8. I'm not 100% sold on this ortho I'm seeing in NYC. He's just so rushed - in and out in 5 minutes. Do you know a doc (ortho or DPM) here that you would recommend? I had been recommended someone at the hospital for special surgery - but unfortunately, they don't take my insurance (GHI/Emblem)
Dr. Blake's comment: See my recommendations above. Even if they are a distance, it is worth it. They can refer you to a local PT to do the lion's share of the work.  

9. Would it be possible for me to send you my MRI from the beginning of May? I would love to know your thoughts.
Dr. Blake's comment: Yes, Dr. Rich Blake, 900 Hyde Street, San Francisco,
         CA, 94109.  

    Thank you so much for taking the time. As I mentioned, I generally need to be on my feet all day (although this last one in LA was thankfully pretty low key). I'm so anxious for my foot to feel normal again, but I'm also committed to recovery and can be as patient as I need to be. However, I just need to feel like I'm doing what's "right". And with so many different doctors over the last few months (all with very different opinions) - I'm left fairly confused and rather discouraged.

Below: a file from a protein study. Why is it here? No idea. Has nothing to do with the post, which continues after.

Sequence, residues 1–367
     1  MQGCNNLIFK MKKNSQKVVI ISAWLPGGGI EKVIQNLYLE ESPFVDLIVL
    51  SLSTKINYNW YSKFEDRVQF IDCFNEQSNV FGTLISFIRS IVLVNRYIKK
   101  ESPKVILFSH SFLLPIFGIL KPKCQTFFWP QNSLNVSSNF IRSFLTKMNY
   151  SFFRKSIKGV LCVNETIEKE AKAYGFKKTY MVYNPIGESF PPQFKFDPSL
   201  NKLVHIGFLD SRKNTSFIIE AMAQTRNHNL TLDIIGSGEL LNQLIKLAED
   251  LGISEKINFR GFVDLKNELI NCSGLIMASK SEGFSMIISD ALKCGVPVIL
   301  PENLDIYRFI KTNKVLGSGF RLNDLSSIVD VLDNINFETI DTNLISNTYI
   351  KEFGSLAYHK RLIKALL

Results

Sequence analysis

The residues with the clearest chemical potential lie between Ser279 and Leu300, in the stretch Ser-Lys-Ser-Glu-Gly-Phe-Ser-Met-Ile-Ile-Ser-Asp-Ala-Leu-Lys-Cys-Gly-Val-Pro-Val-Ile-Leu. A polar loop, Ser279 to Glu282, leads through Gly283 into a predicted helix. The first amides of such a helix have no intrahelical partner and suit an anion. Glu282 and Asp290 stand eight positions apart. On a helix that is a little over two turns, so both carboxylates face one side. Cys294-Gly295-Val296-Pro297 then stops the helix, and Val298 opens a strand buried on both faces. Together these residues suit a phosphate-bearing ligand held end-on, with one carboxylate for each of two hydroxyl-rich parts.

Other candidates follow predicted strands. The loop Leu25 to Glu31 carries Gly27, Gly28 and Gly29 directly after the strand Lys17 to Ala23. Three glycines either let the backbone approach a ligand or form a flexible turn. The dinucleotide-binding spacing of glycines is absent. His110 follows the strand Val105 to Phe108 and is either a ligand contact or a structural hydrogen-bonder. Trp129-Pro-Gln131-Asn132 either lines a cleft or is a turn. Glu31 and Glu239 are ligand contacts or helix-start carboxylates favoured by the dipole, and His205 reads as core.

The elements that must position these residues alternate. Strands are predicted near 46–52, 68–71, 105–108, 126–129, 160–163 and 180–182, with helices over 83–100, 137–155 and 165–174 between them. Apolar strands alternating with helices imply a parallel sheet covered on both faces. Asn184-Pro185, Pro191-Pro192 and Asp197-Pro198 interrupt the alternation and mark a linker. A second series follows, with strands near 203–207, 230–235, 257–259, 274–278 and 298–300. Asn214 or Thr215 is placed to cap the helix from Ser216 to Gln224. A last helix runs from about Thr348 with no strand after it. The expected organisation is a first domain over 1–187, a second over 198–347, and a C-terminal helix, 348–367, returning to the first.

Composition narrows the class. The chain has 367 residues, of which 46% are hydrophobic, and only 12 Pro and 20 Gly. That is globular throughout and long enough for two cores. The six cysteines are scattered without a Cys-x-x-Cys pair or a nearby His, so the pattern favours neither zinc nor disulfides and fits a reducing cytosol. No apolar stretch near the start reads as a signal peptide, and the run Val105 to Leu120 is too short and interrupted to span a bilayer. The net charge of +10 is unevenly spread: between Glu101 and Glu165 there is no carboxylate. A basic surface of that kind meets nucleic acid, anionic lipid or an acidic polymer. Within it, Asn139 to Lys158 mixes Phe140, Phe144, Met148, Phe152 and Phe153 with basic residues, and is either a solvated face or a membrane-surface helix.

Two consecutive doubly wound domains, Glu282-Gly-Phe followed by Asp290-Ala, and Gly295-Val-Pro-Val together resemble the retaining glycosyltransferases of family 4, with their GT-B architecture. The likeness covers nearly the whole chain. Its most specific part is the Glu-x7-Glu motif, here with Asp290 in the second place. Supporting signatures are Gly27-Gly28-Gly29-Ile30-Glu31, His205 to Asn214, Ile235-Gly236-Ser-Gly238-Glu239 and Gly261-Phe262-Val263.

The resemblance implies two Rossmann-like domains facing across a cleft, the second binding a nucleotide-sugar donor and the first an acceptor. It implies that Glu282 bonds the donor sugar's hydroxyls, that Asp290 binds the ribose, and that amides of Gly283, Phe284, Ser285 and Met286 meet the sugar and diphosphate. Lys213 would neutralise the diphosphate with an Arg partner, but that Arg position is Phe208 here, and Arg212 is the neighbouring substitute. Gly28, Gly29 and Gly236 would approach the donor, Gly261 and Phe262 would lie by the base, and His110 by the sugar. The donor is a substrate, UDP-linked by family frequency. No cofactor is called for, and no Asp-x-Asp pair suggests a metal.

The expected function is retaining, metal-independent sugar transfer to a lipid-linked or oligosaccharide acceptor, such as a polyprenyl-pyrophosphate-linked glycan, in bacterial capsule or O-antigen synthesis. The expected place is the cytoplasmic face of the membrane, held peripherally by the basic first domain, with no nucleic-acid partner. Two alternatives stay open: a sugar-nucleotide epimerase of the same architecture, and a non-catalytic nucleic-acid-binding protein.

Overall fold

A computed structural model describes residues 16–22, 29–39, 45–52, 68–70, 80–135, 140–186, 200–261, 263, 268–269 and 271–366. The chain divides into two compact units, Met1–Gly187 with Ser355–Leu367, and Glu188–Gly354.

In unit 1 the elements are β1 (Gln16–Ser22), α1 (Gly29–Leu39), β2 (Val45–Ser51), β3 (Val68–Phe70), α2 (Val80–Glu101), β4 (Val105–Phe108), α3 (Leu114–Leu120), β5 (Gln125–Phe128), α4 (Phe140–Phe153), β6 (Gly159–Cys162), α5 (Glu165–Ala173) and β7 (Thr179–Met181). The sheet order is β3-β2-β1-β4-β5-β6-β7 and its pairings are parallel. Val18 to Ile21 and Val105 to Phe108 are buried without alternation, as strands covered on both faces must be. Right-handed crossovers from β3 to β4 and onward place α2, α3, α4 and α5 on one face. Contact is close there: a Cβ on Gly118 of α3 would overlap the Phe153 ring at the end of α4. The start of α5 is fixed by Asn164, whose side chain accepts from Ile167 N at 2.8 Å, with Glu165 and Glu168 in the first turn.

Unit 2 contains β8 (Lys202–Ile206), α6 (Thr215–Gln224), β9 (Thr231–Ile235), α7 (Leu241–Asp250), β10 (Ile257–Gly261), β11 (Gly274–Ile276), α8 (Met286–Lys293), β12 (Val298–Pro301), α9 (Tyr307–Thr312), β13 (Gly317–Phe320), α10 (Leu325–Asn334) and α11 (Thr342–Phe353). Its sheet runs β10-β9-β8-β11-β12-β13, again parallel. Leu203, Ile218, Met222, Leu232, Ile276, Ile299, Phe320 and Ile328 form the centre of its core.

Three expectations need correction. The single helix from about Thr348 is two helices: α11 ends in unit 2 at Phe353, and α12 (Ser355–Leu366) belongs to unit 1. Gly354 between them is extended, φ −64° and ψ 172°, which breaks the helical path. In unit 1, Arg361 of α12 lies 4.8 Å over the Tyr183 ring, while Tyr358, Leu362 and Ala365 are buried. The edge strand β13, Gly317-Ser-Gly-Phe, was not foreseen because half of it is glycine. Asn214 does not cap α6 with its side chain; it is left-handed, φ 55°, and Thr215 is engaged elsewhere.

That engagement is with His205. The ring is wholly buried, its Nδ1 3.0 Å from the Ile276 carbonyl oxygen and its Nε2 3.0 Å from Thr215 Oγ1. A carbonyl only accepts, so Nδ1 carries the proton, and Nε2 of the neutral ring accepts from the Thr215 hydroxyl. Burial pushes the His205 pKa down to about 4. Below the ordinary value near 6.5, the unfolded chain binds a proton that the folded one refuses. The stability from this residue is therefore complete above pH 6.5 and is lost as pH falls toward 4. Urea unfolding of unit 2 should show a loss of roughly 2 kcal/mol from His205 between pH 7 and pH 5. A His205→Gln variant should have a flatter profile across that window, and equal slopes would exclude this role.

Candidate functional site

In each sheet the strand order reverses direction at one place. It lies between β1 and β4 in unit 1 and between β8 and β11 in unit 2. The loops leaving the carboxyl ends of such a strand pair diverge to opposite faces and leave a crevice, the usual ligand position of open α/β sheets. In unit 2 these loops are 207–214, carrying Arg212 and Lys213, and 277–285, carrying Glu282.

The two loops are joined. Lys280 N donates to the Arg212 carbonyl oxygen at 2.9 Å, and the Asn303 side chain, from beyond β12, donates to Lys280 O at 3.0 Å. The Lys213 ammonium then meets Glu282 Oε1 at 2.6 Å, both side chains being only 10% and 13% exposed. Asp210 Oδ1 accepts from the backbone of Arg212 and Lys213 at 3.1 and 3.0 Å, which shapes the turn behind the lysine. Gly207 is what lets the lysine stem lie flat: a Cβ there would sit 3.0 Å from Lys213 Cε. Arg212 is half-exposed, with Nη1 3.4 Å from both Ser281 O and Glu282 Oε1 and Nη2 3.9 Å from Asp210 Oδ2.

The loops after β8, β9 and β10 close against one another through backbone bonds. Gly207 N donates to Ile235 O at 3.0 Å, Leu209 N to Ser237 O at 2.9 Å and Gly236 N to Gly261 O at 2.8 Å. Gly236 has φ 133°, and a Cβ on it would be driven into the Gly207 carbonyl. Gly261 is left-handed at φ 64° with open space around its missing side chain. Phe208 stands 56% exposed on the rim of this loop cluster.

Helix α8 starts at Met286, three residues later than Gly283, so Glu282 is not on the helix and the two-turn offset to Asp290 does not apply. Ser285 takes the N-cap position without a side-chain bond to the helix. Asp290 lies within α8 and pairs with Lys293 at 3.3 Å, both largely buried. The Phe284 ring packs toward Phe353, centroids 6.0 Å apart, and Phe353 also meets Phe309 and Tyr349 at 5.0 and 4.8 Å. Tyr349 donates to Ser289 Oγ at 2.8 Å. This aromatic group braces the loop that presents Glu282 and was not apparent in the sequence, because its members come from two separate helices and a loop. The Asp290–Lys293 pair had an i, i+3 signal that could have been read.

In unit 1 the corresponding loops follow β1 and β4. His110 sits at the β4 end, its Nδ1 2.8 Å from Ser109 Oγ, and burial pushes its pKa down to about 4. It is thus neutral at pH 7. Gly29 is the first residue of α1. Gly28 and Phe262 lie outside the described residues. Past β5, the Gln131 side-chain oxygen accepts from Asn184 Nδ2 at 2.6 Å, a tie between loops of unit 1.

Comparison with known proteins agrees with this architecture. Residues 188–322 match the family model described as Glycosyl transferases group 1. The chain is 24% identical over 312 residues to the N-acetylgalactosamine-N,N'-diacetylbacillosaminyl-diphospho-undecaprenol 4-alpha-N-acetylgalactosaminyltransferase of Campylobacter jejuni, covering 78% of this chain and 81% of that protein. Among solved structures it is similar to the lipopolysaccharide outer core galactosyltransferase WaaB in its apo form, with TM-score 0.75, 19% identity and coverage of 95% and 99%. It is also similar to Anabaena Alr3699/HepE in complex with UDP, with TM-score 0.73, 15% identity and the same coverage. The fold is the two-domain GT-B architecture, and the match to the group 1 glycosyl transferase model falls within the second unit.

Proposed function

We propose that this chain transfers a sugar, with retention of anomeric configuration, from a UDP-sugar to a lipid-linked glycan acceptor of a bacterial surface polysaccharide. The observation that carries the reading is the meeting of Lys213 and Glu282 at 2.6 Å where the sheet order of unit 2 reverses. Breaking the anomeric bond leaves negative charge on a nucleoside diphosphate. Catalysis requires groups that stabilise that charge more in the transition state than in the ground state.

Any thoughts/advice would be so greatly appreciated.

MANY THANKS,
Jill (name changed)

Sorry, one last question!!  I've been using 1/4" adhesive felt applied directly to my foot for the dancer's pad. Is this correct for use in a boot?
Dr. Blake's comment: See if you can place as an insert in the boot. Somewhere in my blog “drblakeshealingsole” I have an example of this. Get working on your orthotics ASAP and then just place that in the boot. I sure hope this helps you.

Thanks!!!


Tuesday, August 29, 2017

Avascular Necrosis of the Tibial Sesamoid

Dear Dr. Blake: